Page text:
A resident from a small Bedford borough parish has been told that the planning rules "are not fair" in response to his objections to a planning application.
A planning application for seven new dwellings on land adjacent to the Baptist Chapel, High Street, Little Staughton, was discussed at Monday's (January 24) Planning Committee meeting.
It was brought to the committee as there had been objections from the parish council and residents - but the planning officer's recommendation was to approve the application.
The committee was told that the proposed development is contrary to a policy (7S) that considers the impact of a planning proposal on the countryside location.
However, the development will provide entry-level dwellings as promoted in the National Planning Policy Framework (NPPF), which states that local planning authorities should support the development of entry level exception sites suitable for first time buyers, or those looking to rent their first home, unless the need for such homes is already been met within the authority’s area.
Janine Laver, the council's development manager, told the committee: "There is a need for accommodation for first time buyers in the borough, and the development will provide affordable rented and shared ownership accommodation.
"The site meets the test of being adjacent to the settlement, it is under a hectare in size and the number of dwellings is proportionate to the size of the settlement.
"In addition, the design and layout of the development is considered to preserve the character and local distinctiveness of this part of Little Staughton.
"When assessing the development of a whole, the benefits are considered to outweigh any conflict with Policy 7S or any other harms. On balance the development is considered to be in accordance with the local plan and paragraph 72 of the NPPF. It is therefore recommended that the application is approved," she said.
Barry Miller, a Little Staughton resident, spoke at the meeting to share several points on behalf of himself and his neighbours, with his first point being equality and fairness.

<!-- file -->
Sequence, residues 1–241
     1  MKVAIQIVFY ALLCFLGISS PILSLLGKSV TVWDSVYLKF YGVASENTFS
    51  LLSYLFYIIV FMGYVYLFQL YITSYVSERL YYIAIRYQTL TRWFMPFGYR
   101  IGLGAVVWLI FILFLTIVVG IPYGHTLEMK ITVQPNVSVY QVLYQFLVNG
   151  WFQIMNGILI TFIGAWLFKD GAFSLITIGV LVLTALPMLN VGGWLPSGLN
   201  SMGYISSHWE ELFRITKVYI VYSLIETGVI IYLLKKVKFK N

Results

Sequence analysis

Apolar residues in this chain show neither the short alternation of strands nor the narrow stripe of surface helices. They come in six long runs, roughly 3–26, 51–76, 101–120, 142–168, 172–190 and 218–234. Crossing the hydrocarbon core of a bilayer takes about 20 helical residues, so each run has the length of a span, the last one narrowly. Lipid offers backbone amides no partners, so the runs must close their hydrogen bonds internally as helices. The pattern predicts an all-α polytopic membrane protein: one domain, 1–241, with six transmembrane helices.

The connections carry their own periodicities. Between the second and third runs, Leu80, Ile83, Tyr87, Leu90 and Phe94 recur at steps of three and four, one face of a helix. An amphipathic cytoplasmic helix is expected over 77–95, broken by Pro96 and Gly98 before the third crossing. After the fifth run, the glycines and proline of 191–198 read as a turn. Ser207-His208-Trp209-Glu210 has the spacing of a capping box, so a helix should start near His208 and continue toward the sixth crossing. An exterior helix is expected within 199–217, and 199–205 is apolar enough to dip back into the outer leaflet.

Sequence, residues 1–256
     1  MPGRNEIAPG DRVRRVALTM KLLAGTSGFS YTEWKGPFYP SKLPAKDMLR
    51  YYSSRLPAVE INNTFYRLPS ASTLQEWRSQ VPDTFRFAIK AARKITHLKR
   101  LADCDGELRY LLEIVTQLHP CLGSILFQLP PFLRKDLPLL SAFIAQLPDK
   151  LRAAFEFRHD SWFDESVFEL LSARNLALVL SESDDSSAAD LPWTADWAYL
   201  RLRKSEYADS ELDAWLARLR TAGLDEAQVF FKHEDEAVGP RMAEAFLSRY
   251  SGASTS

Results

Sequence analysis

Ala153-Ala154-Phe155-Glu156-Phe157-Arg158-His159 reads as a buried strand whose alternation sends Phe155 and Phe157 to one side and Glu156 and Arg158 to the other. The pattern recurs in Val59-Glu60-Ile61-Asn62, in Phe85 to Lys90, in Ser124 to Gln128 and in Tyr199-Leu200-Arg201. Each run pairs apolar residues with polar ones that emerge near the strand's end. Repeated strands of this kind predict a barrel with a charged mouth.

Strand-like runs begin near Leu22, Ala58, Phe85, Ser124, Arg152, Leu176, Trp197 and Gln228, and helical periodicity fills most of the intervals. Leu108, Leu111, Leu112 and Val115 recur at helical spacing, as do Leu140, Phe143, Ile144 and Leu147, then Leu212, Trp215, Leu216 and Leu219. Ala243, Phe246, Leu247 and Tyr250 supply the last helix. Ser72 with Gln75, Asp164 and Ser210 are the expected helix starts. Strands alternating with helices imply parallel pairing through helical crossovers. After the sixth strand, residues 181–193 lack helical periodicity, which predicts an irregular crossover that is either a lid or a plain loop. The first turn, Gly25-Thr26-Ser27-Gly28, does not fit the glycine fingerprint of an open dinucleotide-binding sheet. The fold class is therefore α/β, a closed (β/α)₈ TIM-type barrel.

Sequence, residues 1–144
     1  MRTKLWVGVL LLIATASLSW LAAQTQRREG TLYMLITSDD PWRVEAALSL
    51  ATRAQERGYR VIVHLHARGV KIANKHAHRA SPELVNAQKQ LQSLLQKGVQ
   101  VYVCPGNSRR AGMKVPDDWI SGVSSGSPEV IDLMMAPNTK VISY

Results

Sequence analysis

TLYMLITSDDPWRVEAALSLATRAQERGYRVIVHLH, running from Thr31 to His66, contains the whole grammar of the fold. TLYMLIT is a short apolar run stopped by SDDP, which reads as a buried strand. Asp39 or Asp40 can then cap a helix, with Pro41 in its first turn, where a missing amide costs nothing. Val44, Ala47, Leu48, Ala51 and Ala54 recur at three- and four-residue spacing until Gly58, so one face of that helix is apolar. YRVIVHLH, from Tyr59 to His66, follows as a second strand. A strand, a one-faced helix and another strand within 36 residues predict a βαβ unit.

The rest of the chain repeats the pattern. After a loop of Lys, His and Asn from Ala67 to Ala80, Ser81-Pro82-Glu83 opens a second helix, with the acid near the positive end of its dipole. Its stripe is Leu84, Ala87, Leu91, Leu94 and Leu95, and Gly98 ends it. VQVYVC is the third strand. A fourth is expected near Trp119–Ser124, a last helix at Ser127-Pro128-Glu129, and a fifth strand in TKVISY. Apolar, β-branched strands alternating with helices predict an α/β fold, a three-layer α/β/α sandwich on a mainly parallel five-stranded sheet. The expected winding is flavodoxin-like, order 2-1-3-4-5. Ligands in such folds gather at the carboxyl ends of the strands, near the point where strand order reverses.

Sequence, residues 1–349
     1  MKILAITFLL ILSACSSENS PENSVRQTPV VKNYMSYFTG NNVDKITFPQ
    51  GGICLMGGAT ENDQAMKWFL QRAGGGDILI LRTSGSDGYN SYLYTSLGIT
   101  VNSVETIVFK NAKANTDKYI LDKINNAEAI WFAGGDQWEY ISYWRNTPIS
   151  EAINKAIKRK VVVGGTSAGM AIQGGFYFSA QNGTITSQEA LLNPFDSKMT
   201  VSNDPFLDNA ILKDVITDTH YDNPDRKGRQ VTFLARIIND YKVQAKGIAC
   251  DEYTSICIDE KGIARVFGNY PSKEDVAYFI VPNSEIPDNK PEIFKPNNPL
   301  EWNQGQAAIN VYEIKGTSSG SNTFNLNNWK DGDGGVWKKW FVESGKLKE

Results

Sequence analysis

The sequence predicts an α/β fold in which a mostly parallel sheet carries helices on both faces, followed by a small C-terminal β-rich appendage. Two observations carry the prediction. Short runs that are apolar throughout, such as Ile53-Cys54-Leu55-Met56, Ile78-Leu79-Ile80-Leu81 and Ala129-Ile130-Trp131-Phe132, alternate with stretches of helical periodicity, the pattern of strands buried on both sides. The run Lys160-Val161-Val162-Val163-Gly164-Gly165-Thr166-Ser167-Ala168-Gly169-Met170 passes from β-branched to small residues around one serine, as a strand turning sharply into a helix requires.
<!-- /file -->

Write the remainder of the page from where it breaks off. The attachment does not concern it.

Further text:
"In July 2019, seven residents of the High Street, which backs onto the field in question, were invited by the landowner to purchase land ten metres in depth behind each property," he said.
"Two of the residents sought and paid for legal advice from your office regarding change of use from agricultural to garden.
"They were informed that such permission would not be forthcoming, the field was outside the settlement boundary and defined as open countryside and this change would set a precedent, the cumulative effect of which would be detrimental to the rural character of the area.
"Imagine our concern and horror then, when this development was put forward, a development which does not just nudge at the property line, but which drives a bulldozer nearly 13 metres through it into open countryside.
"Surely in a democracy, we live by rules, rules that apply equally to everyone. suddenly what we were denied is now acceptable," he said.
Janine Laver said: "In terms of neighbours being offered agricultural land, obviously we not party to that.
"And of course we would have probably given pre-app advice to say changing the use of that land to garden land would be contrary to policy.
"The same rules unfortunately do not apply to a paragraph 72 application, so unfortunately the rules are not fair, national government's rules are written the way they are written for a reason - because these affordable housing sites need to come forward," she said.
The committee agreed to defer its decision until after a site visit.